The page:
“I would not take up such a trip because NUS’s policy is to support the BDS movement,” Asquith posted on Facebook. “These trips are part of a public relations exercise to encourage people to view Israel in a favorable way in the context of the ‘conflict.’ They are open about that purpose.”
This article was first published at The Electronic Intifada.
Anti-racism activist Malia Bouattia was elected president of the UK’s National Union of Students at their conference Wednesday.
Bouattia is well-known for her public stances in support of many causes, including the Palestinian boycott, divestment and sanctions campaign, or BDS. For years she has successfully campaigned in favor of passing BDS resolutions within the NUS.
She has given many speeches encouraging students to back BDS and observe its guidelines within their campuses – especially the boycott of Israeli academic institutions complicit in abuses of Palestinian rights.
After serving as the Black students’ officer, Bouattia will be the first Black Muslim woman elected president in the 94 years of NUS history.
When the NUS passed its latest BDS motion in June last year, the Israeli prime minister falsely claimed the organization supported Islamic State, the violent extremist group also known as ISIS.
“They boycott Israel but they refuse to boycott ISIS. That tells you everything you want to know about the BDS movement. They condemn Israel and do not condemn ISIS,” Benjamin Netanyahu claimed. He repeated the same allegation on Twitter.
Predictably, right-wing media have recycled this same lie to demonize Bouattia and have also attempted to smear her as anti-Semitic.
But the truth was that the NUS national executive council adopted a resolution at its 3 December 2014 meeting that called for ISIS to be “condemned” as “a reactionary terrorist organization that carries out atrocities” against people of the regions where it operates.
The previous September, the executive had rejected a motion on Kurdish solidarity that contained similar language, but its decision had nothing to do with the condemnation of ISIS whatsoever. The resolution was considered flawed because it encouraged students to spy on each other.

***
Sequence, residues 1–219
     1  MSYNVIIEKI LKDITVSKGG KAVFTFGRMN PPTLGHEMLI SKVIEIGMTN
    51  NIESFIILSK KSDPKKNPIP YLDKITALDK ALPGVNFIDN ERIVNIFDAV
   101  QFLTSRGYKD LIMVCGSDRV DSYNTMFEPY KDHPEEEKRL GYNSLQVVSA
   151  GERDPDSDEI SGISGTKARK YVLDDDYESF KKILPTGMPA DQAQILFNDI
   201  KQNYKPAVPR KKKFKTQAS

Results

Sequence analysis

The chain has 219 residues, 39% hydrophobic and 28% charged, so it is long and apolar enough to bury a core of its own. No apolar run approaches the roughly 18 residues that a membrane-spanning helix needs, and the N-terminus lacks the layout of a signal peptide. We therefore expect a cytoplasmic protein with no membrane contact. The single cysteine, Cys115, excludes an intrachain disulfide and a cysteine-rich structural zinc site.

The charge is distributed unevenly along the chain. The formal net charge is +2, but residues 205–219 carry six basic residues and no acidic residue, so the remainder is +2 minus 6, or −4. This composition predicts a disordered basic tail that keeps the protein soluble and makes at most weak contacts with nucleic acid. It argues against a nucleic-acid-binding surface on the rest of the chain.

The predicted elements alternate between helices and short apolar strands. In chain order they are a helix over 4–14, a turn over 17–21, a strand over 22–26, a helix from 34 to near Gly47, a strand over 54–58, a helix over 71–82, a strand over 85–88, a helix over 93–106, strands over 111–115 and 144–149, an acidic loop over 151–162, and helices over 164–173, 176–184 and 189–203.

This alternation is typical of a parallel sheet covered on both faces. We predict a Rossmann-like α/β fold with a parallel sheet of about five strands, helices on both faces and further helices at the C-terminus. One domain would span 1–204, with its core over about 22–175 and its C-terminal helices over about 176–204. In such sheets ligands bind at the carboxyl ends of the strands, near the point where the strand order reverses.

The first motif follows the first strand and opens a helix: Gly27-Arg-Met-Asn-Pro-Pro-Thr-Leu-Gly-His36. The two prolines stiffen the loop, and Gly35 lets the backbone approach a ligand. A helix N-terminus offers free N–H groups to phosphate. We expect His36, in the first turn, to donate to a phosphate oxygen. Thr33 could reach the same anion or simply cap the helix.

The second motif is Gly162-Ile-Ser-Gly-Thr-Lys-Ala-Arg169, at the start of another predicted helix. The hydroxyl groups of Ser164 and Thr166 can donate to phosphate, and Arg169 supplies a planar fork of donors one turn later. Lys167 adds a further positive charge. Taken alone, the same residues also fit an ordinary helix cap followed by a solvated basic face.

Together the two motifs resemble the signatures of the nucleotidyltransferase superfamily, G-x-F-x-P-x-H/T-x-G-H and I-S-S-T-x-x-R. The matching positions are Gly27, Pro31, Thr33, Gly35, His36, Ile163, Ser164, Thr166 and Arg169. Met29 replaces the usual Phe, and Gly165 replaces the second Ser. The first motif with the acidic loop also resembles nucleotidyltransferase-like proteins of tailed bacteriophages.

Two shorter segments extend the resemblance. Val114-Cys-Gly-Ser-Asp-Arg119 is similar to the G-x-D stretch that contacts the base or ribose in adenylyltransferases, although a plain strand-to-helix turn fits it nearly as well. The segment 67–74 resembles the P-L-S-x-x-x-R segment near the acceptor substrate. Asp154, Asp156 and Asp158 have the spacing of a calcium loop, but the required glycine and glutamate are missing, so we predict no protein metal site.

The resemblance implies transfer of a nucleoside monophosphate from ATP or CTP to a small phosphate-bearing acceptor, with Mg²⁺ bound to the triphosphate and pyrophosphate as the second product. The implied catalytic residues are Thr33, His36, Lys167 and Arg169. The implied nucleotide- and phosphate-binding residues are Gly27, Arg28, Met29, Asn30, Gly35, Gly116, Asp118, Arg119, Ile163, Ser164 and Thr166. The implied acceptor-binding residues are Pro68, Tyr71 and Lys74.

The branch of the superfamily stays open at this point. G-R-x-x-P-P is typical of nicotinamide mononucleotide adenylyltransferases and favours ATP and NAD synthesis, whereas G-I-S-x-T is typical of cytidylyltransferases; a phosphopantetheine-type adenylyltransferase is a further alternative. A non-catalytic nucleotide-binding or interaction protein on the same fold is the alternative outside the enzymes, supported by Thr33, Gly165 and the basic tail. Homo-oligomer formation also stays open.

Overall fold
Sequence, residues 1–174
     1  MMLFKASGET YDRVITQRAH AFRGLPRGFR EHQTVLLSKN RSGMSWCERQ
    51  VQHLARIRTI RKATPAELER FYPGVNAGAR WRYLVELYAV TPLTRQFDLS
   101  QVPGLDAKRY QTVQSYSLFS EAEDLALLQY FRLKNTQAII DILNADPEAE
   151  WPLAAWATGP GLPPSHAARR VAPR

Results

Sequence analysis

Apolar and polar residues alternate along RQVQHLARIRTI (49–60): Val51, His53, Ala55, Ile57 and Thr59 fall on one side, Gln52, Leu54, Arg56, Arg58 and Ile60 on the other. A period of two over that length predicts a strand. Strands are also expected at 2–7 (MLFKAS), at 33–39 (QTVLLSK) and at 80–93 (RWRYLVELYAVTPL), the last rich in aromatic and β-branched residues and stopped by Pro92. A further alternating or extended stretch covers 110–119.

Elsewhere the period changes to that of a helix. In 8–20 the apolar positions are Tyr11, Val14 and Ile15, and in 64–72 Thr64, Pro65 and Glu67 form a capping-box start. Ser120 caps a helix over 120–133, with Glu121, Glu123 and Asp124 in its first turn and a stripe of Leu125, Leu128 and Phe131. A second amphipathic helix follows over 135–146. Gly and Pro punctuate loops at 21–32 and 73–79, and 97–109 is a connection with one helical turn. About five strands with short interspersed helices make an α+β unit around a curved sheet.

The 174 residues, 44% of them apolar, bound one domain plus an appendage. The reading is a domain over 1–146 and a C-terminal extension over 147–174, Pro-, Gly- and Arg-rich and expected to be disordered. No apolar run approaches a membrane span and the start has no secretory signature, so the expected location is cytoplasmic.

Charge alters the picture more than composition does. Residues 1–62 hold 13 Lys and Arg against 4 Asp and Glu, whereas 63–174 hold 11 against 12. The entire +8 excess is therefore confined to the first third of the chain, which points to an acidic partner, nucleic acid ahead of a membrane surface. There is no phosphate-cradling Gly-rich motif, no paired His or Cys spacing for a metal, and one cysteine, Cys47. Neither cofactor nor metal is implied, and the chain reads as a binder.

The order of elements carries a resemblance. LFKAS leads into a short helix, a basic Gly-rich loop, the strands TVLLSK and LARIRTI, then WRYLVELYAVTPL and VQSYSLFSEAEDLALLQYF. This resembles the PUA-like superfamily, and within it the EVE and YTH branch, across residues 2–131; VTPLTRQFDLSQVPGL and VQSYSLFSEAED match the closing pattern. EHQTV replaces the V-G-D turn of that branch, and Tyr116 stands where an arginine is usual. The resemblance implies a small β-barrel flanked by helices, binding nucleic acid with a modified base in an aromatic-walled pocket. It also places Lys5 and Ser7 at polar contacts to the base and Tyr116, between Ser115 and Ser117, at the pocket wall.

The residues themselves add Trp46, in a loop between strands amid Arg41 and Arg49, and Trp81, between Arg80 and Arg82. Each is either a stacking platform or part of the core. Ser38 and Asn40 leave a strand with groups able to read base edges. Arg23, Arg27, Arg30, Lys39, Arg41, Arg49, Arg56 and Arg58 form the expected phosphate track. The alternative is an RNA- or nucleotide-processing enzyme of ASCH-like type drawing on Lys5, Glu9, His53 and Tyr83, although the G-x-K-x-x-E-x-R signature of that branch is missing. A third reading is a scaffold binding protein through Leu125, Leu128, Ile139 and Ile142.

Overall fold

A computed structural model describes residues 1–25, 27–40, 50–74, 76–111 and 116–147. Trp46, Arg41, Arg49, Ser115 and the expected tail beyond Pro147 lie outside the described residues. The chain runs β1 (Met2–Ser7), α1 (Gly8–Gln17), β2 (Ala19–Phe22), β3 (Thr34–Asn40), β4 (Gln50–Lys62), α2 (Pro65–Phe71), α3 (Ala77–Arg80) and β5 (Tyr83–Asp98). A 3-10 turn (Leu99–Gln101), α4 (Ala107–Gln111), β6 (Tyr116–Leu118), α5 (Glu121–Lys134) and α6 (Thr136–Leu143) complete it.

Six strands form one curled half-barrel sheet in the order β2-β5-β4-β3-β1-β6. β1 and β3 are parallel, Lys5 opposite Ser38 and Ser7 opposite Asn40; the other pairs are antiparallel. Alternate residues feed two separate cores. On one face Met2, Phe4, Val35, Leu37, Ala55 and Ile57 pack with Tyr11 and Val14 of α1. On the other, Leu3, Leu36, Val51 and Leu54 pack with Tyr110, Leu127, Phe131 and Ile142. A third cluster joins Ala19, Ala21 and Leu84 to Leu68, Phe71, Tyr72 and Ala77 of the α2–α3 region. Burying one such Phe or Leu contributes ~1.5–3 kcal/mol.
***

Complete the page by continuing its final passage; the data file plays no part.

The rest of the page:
The BBC’s website on Wednesday initially claimed that Bouattia had “refused to condemn” ISIS.
After outrage at this false claim was expressed on social media, the BBC appears to have removed that particular lie from the article, but without issuing a correction or apology.
The Tel Aviv newspaper Haaretz reported Bouattia’s victory with the headline, “UK student union’s new president supports Palestinian ‘resistance.’” The article repeats and amplifies the false allegations found in UK media that Bouattia is an ISIS sympathizer.
Bouattia anticipated these media attacks.
In her winning election speech at the NUS national conference, she said: “I know many of you will have seen my name dragged through the mud by right-wing media. You will have read that I am a terrorist, that my politics are driven by hate.”
“How wrong that is,” she said, given her background of having to flee her home country Algeria and seek refuge in the UK.
As a seven-year-old child, she “saw a country ripped apart by terror” and was “pushed to exile by its doing.”
“I know too well the damage done by racism and persecution. I faced it every day,” she said, promising, “I will continue to fight, in all its forms, whoever its targets, whether it is anti-Semitism, Islamophobia, xenophobia or any other bigoted idea.”
Addressing the prime minister, she said “David Cameron may not like me or our movement, but when we’re strong he’s forced to listen.”
You can watch the rest of her electrifying speech in the video above.
BDS campaigners, including many Jews, are systemically smeared with the false charge of anti-Semitism by pro-Israel media and campaign groups. So Bouattia is no exception in this regard.
Prior to her victory, several UK Jewish student societies sent her an open letter questioning her “past rhetoric” against Zionism.
She replied in an open letter rejecting the accusations and emphasizing that disagreement over “anti-Zionist politics” is “a political argument, not one of faith.”
Bouattia made sure to draw the distinction between anti-Semitism and anti-Zionism, reaffirming that efforts to conflate them “are dangerous and have become the excuse for many racist and fascist attacks up and down the country and in the world, which I am sure we all want to end.”
Bouattia’s activism is driven by her passion towards fighting racism of all forms.
This has been evident in her campaigning, which has ranged from supporting Holocaust memorial day to efforts to combat Islamophobia.
Zionism is a settler-colonial ideology and practice that led to the establishment of Israel on the ruins of ethnically cleansed Palestinian lands. To this day Israel continues to discriminate against Palestinians based on this ethno-religious ideology, especially by refusing to allow refugees to return to their lands solely on the basis that they are not Jewish.